Three years later, COVID still takes a toll

Did COVID accelerate the mental health crisis for students?

By Sam Rohrs

Three years ago, students went home for what seemed to be an extended spring break, but they ended up not coming back to campus until the next school year.

Students were stuck at home with no social interaction, online learning, and no sports.

Jodi Firsdon, director of counseling at the University of Findlay, said that during COVID many other things were also happening in the world at the same time, which influenced how people coped.

“Isolation, increased fear, world events, financial issues, and many other things impacted people all at the same time,” Firsdon said. “It challenged how people had always done things and how they were able to cope with things.”

Students didn’t only lose their “once-in-a-lifetime” experiences, but they also were impacted by what was happening around the world.

When students were allowed to return to campus, things were not the same as they were before.

Eric Wymer, the head cross country coach and assistant track coach at the University of Findlay said he thinks COVID affected student-athletes more than non-athletes because of the extra accountability that athletes had.

“We had to test, social distance, and break into training teams,” Wymer said. “Non-athletes weren’t held to the standard of testing or wearing a mask. Athletes were.”

Since students were stuck at home with no social interaction for so long, they started communicating differently.

“Kids communicate differently now, they struggle with social interaction,” Wymer said. “COVID caused people to be more introverted.”

Matthew Ginter, the University of Findlay’s campus ministry pastor said that he thinks COVID accelerated the mental health crisis.

“We’re designed to be in community,” Ginter said. “Deprived of the opportunity to be together, people were bound to struggle.”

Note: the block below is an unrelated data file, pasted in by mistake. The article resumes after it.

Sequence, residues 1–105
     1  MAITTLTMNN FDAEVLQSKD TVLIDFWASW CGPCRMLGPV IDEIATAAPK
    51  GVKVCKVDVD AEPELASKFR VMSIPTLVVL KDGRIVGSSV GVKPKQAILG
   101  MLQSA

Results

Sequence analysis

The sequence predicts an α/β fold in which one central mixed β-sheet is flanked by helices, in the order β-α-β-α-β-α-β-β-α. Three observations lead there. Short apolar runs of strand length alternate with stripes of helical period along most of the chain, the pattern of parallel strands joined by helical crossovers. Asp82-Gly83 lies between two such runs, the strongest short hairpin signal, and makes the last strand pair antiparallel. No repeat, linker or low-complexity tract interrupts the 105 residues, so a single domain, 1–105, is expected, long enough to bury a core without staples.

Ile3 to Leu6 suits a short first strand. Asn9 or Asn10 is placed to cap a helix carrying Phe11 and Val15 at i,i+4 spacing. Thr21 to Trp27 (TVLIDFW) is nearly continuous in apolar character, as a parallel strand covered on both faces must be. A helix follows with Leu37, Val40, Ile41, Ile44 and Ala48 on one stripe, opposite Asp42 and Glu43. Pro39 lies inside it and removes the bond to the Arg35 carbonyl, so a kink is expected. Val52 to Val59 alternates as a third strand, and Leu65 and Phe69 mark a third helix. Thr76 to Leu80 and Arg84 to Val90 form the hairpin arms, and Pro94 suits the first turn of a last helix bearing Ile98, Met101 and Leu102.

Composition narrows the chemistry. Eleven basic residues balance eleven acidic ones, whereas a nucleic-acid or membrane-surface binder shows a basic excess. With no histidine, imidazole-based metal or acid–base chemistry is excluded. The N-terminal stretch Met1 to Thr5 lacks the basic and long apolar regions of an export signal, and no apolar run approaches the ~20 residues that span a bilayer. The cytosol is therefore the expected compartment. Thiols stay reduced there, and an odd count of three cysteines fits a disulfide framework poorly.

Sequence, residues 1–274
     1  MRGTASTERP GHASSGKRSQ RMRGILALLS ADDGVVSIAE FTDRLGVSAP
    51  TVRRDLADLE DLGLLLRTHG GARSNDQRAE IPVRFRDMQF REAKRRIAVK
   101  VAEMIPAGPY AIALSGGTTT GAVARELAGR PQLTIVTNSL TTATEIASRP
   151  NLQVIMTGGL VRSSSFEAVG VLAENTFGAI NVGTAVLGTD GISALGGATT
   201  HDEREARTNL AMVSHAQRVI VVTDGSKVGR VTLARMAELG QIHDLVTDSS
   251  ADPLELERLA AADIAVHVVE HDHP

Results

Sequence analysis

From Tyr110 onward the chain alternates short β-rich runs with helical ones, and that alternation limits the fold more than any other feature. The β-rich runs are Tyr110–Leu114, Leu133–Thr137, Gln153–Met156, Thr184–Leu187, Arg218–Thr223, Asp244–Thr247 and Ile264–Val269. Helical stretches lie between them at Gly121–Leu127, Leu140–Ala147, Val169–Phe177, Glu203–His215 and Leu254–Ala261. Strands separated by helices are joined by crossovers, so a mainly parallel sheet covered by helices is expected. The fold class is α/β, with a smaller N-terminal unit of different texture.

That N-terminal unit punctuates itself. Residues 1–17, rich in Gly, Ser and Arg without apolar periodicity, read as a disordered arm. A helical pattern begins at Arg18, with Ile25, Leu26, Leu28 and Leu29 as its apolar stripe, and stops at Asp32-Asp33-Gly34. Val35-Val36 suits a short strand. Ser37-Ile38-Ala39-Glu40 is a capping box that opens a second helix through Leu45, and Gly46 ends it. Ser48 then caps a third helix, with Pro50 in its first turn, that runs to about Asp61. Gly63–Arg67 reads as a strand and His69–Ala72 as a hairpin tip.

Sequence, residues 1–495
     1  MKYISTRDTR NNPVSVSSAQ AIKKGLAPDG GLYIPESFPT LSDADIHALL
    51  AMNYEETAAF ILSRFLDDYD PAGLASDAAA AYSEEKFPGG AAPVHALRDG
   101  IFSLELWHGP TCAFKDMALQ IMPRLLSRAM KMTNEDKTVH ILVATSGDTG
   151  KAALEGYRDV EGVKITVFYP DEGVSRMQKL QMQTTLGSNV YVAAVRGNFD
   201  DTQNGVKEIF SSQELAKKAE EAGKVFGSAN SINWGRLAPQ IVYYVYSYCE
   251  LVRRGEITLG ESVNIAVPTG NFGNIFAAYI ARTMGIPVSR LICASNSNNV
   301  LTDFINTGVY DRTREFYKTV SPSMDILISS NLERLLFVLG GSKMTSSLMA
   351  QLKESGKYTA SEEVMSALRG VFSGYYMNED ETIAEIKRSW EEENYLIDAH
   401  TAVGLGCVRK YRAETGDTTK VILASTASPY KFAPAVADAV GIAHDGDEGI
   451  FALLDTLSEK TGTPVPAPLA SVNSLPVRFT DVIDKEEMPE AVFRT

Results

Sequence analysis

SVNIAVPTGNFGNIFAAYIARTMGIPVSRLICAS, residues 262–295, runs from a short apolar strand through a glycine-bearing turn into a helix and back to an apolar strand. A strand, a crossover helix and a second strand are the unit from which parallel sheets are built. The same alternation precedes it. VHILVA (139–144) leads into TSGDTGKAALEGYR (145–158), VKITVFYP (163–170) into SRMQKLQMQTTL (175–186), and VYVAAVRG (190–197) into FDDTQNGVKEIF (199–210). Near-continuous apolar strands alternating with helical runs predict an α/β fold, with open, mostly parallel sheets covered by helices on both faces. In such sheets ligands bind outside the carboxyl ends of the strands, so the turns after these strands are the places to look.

With so many impactful world events in such a short amount of time, students struggled more than ever, but historically, there is a stigma about getting help. It is getting more and more common to ask for help, though, as time goes on.

“I’ve seen students decline help for a variety of reasons,” Ginter said. “Ranging from shame, guilt, hesitation, uncertainty, anger, frustration, and everything in between. Asking for help always costs something… whatever one’s heart motivation, the upside of receiving love and guidance is worth overcoming the obstacles in the way of getting help.”

“Sometimes people struggle to ask for help because they see that as being weak or feel like they should be able to handle things on their own,” Firsdon said. “It requires being vulnerable. Sometimes people have tried to get help but others have blown it off or not believed them.”

“Most students wait until the need is severe to pursue help,” Ginter said. “It would be so much better for so many to reach out before things hit a crisis level.”

Since COVID started, more and more people are on social media, according to an article on the National Institutes of Health website, Media Use Before, During and After COVID-19 Lockdown.

“Patients showed a significant increase in media time during the lockdown and a moderate increase in the negative impact of media use on everyday life,” according to the article.

“Kids are always on social media which impacts them negatively. Kids, especially athletes, compare themselves with others and self-reflect which does lead to mental health issues,” Wymer said. “Many people aren’t dealing with it well.”

“Digital interaction simply doesn’t substitute for real life interpersonal interactions,” Ginter said. “Having so much of our lives relegated to Zoom and FaceTime during the pandemic did not positively contribute to mental health, to say the least.”

Mental health is huge in a person’s overall health. If a person isn’t doing well mentally, it will most likely affect how they are doing physically, emotionally, and spiritually.

“If your mental health isn’t in order, not prioritized, you can’t do anything successfully,” Wymer said.

As COVID is, hopefully, dying down, students are back to campus and back into classes as normal, but are students’ mental health back to “normal?”

“The need for mental health counseling has been consistently rising,” Firsdon said. “We are doing better with talking about mental health and reducing stigma, which increases help-seeking behaviors. Since COVID, the issues that were already present have been compounded.”

“I feel like things are getting a little back to normal now,” Wymer said. “Everyone had high stress and anxiety then, they weren’t as happy as they were before COVID. There are still struggles, though.”